Notice the old leaves under the rose, and the 4 x 8 sand paths.
Weeds are taking over neglected portions of our cities and countryside, making them ugly, disorderly and unsafe. Flowering weeds are often ugly, always disorderly, and once they dry out, they are a fire hazard. If not killed before going to seed, they spread themselves around; they are a nuisance that multiplies. Whole city subdivisions have burned in recent decades, and some small towns as well. Oregon, Washington and Arizona burn in the summer, California in the fall, and large expanses of the Great Plains in dry winters. When city weed codes are well enforced, cities don’t burn.
The most dangerous weeds are annuals that seed and dry out in a season. They make many seeds, some of which can last for years in soil before they sprout or rot. But their roots don’t need to be pulled to kill them; all of their top growth comes from their crowns, the part of the plant between the roots and the top. Cut them under the crowns, and they are gone.
You can cut them under their crowns with scissors or a knife, which is great for going after individual weeds, but is relatively slow. Still, this is the best way to handle seeded puncture vine, a noxious weed that pops bike tires as well as poking bare feet. Cutting or pulling are the only ways to take weeds out selectively in lawns, beds and borders.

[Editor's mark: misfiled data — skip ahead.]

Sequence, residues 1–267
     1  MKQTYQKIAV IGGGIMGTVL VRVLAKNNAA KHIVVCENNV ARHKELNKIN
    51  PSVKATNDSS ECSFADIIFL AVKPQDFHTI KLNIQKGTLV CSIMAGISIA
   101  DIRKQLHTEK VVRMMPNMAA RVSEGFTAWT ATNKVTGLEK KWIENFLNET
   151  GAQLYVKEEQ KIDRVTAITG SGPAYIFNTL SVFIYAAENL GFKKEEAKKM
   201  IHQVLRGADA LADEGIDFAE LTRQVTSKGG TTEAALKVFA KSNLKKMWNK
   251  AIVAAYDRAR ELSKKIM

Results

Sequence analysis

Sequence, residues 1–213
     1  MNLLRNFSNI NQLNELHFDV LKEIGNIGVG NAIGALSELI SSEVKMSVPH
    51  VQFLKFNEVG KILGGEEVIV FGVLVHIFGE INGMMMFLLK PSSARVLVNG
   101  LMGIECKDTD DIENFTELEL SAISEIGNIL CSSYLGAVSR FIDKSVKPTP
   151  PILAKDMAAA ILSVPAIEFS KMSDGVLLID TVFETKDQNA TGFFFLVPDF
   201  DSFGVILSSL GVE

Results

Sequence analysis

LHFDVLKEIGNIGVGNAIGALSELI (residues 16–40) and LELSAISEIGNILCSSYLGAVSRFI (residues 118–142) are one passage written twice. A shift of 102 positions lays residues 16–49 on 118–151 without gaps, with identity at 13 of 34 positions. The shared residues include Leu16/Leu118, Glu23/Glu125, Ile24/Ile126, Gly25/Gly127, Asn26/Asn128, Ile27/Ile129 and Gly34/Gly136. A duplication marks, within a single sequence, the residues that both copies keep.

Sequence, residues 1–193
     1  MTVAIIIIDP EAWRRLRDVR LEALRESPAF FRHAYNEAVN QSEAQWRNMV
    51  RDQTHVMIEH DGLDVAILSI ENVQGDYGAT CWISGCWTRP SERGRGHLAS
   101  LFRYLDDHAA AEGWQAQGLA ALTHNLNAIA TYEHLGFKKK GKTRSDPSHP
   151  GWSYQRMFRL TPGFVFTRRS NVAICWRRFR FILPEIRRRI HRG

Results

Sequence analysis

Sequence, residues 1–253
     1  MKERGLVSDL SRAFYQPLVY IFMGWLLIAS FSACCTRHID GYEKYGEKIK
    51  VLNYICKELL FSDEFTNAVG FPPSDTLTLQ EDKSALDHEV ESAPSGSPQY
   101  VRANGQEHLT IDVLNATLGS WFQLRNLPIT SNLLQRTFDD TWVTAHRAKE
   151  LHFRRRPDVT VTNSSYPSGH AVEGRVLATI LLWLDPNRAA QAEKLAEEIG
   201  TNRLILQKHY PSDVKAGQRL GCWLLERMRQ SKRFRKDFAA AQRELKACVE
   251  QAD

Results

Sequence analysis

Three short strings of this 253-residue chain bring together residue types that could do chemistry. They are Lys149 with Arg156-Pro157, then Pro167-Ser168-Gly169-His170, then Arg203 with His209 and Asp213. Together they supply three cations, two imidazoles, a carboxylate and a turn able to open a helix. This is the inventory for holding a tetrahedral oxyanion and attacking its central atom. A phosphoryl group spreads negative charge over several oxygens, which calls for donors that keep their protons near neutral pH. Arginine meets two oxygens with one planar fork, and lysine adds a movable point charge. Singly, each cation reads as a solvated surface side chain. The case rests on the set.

You can also beat the crowns out of the soil wholesale with a string trimmer. This works best when the plants are young and not yet seeded, and the soil is relatively soft. It has to be repeated to catch newly sprouted annuals and re-growing perennials. Done often and long enough, it can kill out perennials as well.
You can mulch with leaves, compost, wood chips or bark to smother small plants and stop seeds from sprouting. Most very small seeds need a touch of sunlight to sprout, and nearly every newly sprouted plant can be easily smothered with 2 inches or more of dense mulch. Avoid fine bark and non-sifted bagged bark with fines; bark’s natural preservatives leach downward and kill soil life. Larger barks do not kill soil, but ¾” nugget and larger bark are not dense enough to smother at 2” deep. Walk-on fir bark is most effective at smothering and staying put.
Leaves are the most effective mulch, though some tend to blow around a bit. They dry quickly on the surface and make a lousy seed bed for whatever falls on them. Leaves and compost also feed soil life, which makes the soil soft for pulling weeds and provides habitat for good bugs like soldier beetles, spiders, centipedes, millipedes, ground beetles, and earwigs.
You can spread an inch of 4 x 8 sand (river sand sifted to ¼-1/8 inch) to bring seeds up and then cut under them with a hula hoe (AKA scuffle hoe and stirrup hoe), which is made to slide under crowns. Sprouting seeds put their crowns at the top of the sand, making it easy for the hoe to slide beneath them. This is particularly good for maintaining paths and open areas. 4 x 8 sand is also good for establishing lawns from seed, as it covers the seed, brings it up by warming the soil, and protects roots and crowns as they grow.
Roundup herbicide (glyphosate salts) should generally be avoided, simply because it also fertilizes for broad leaf and annual plants and feeds worms and pill bugs, which in turn attract moles.
Rycke Brown, Natural Gardener 541-955-9040 firstname.lastname@example.org